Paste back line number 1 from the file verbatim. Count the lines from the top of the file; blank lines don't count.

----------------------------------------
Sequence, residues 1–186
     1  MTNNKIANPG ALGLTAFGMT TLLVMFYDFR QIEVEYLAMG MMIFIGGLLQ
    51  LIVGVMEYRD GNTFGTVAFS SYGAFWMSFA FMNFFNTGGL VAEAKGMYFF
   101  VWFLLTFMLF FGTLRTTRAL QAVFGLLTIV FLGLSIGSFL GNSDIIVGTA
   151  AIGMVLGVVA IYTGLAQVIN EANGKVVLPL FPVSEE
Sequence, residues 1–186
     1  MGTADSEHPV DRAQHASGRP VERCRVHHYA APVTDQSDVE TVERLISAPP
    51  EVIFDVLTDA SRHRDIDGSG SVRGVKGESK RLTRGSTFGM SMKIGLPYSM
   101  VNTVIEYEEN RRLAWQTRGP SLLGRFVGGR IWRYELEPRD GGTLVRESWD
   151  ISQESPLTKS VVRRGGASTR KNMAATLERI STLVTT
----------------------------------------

Sequence, residues 1–186